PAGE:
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Class, gender, race & colonialism: the ‘intersectionality’ of Marx

 

 

By Kevin B. Anderson

March 5, 2021 — Links International Journal of Socialist Renewal reposted from MROnline — It is clear today that the emancipation of labour from capitalist alienation and exploitation is a task that still confronts us. Marx’s concept of the worker is not limited to European white males, but includes Irish and Black super-exploited and therefore doubly revolutionary workers, as well as women of all races and nations. But, his research and his concept of revolution go further, incorporating a wide range of agrarian non-capitalist societies of his time, from India to Russia and from Algeria to the Indigenous peoples of the Americas, often emphasising their gender relations. In his last, still partially unpublished writings, he turns his gaze Eastward and Southward. In these regions outside Western Europe, he finds important revolutionary possibilities among peasants and their ancient communistic social structures, even as these are being undermined by their formal subsumption under the rule of capital. In his last published text, he envisions an alliance between these non-working-class strata and the Western European working class.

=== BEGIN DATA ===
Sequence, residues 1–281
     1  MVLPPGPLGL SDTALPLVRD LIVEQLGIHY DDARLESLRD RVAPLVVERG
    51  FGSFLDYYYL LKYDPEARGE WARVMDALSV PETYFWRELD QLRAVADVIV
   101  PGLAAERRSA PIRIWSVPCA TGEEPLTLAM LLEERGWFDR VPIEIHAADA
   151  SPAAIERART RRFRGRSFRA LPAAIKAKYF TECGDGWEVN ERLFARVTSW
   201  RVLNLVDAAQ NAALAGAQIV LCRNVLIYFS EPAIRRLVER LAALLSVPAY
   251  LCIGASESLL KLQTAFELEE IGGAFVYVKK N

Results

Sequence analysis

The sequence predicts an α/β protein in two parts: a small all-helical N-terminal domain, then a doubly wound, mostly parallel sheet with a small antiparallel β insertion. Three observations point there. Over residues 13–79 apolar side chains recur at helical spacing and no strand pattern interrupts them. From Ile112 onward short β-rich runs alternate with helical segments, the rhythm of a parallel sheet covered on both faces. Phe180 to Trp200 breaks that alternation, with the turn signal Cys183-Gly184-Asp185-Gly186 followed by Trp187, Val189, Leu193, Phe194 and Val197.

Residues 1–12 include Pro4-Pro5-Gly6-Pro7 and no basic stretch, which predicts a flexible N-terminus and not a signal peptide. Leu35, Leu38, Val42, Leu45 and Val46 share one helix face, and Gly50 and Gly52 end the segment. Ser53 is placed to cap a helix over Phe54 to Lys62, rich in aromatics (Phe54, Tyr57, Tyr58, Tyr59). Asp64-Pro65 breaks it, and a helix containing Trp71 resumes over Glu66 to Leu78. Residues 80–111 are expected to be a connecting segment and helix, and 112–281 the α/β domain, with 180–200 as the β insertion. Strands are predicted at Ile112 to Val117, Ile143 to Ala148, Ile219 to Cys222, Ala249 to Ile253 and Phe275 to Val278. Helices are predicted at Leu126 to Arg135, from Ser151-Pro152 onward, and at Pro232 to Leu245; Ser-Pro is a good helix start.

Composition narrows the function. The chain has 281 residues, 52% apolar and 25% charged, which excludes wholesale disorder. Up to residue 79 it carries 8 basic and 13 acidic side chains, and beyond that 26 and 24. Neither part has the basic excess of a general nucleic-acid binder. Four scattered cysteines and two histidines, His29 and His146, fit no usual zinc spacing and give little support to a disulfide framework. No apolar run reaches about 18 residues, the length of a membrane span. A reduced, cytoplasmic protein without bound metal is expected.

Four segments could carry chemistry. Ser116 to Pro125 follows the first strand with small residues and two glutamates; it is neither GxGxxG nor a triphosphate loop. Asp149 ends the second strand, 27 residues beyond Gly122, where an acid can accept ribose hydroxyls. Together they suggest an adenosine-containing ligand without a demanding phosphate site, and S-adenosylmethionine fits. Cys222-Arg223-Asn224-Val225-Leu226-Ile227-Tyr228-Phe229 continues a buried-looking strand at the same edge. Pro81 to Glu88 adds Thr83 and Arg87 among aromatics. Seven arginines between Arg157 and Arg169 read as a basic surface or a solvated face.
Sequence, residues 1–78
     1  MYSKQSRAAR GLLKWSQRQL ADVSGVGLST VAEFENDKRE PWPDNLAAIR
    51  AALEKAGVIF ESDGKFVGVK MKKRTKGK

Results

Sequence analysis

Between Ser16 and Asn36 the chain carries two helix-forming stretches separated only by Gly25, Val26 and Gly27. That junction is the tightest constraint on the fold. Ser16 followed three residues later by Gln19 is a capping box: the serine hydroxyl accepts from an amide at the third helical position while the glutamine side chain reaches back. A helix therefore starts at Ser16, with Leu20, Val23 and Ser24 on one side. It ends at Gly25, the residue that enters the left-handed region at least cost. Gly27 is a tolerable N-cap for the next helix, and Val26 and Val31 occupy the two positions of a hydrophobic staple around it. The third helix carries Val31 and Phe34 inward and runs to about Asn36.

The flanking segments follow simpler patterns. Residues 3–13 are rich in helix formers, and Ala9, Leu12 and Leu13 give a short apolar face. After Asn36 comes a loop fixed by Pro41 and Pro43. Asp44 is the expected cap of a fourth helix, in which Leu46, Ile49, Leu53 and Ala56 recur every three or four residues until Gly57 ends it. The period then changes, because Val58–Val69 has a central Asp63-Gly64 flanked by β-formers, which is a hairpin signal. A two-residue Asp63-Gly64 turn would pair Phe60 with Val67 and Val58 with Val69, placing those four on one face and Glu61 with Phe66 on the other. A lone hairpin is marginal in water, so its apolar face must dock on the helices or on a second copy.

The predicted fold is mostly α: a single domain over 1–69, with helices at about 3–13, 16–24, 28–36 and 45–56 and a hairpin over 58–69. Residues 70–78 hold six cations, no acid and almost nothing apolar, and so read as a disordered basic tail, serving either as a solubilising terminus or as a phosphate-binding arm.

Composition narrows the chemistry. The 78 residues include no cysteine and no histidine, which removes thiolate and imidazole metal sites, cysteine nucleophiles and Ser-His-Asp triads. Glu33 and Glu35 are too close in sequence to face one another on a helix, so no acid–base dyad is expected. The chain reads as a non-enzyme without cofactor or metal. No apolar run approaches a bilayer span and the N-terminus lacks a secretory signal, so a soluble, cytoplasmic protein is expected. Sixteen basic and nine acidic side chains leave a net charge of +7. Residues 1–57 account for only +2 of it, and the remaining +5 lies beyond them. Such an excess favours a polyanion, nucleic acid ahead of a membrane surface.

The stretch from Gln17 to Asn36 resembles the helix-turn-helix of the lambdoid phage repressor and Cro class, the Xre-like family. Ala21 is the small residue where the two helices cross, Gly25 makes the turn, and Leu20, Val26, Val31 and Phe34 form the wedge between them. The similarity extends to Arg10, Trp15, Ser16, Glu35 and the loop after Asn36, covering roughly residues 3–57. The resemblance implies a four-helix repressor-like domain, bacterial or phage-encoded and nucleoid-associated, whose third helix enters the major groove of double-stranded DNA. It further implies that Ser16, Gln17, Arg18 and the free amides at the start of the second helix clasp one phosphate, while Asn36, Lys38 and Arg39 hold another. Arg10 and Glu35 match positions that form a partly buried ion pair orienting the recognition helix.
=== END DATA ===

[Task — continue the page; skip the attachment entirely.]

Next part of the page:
Race, class and socialist strategy

 

 

By Jeremy Gong and Eric Blanc

 

September 7, 2018 — Links International Journal of Socialist Renewal reposted from The Call — Marxists have long understood that the workplace is the primary strategic site of class struggle, and that class struggle is essential for cohering a radicalized working-class majority with the capacity and will to overthrow capitalism in favor of socialism. At the same time, Marxists recognize our moral responsibility to oppose — and the strategic necessity to fight — all forms of exploitation and oppression.

 

In the United States today, a revitalized socialist Left is giving these questions of strategy new importance and prompting people across the political spectrum to more clearly articulate a position toward the respective roles of race and class in their politics.

 

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